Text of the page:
A new, 30-bed Shands at UF Neuro Intensive Care Unit is a major step forward in care for patients with brain diseases or injuries, University of Florida and Shands HealthCare leaders said.
Part of a $9.6-million project to provide neurosurgery and neurology patients access to UF medical experts and the latest technological resources at Shands at UF, the Neuro-ICU officially opened on April 1.
“This is all about improved outcomes for patients,” said William Friedman, M.D., chairman of the neurosurgery department of the UF College of Medicine, who cut the ribbon to symbolize the opening along with Shands HealthCare CEO Tim Goldfarb and Bruce Kone, M.D., dean of the College of Medicine. “It’s appropriate that we are combining critical care expertise with primary care neurosurgery in one location. Plenty of technology to treat patients with brain disease were developed at the University of Florida, or tried here first, and now we are concentrating our neurosurgical activities in one location. I am very excited about that.”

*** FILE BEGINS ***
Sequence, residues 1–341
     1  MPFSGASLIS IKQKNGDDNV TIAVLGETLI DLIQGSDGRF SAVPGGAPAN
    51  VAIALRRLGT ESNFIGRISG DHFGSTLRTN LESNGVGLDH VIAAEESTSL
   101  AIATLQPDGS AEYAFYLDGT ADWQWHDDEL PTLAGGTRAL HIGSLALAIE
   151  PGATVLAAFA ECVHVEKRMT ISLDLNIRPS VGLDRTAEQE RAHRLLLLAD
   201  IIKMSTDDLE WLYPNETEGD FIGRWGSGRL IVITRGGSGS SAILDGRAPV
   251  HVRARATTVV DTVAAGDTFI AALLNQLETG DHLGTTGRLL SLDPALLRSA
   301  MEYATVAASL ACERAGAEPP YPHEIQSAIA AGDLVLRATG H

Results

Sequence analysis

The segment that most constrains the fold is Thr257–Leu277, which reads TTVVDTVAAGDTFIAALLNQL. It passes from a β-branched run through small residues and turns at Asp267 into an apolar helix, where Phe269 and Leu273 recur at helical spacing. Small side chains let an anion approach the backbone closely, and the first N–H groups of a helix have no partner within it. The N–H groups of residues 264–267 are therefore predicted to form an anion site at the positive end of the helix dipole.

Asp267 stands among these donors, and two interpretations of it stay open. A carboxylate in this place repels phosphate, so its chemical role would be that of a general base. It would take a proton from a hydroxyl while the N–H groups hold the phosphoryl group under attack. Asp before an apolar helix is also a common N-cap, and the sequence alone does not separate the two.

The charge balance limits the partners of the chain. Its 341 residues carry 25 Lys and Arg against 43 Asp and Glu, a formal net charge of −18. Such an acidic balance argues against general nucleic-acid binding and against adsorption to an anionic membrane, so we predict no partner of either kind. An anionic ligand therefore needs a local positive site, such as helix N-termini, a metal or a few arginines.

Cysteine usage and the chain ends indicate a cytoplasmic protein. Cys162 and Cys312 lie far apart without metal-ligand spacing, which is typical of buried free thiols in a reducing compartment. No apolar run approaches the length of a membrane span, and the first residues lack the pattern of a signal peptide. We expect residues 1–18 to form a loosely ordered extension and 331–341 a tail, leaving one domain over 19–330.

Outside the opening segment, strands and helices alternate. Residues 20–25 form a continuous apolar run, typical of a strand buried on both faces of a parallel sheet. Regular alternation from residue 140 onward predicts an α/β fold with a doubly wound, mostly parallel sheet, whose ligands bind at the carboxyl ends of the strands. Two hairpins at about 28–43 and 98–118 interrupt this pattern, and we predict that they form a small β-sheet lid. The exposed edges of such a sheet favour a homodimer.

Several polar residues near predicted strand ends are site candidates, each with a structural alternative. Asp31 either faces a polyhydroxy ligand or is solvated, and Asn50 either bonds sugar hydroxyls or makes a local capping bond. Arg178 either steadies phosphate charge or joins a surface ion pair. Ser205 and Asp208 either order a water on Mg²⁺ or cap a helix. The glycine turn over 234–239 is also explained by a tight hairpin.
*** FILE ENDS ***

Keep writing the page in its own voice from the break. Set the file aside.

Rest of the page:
Equipped with the latest technology, the physicians, surgeons, nurses and other members of the health-care team will be able to respond immediately to the slightest changes in patients’ conditions and quickly identify the most appropriate treatment plans.
“We’re pushing quality care and patient safety to the highest levels,” Kone said. “This is the beginning of iconic programs at the College of Medicine that emphasize outstanding care and the development of cures.”
The UF College of Medicine has one of the nation’s largest academic neurosurgery departments. This year the UF and Shands medical teams at Shands at UF will provide neurosurgical care to more than 5,000 patients from all over the world.
Goldfarb noted that the patient-care unit was literally only a few hundred feet from the university’s brain research labs.
“This is a great illustration of how proximity to the research bench, university classroom and patient care unit is unique to an academic health care center,” Goldfarb said. “We strive to develop cures and treatments in the laboratories, continual teaching and learning opportunities take place in the classroom, plus we have access to the patient’s bedside, where we can apply the newest techniques.”
Attending the opening were several officials from the H. Lee Moffitt Cancer Center and Research Institute, including Steven Brem, M.D., chief of Moffitt’s division of neuro-oncology. Moffitt Cancer Center, Shands HealthCare and UF announced in January that they are working together to develop world-class programs in cancer care, research and prevention.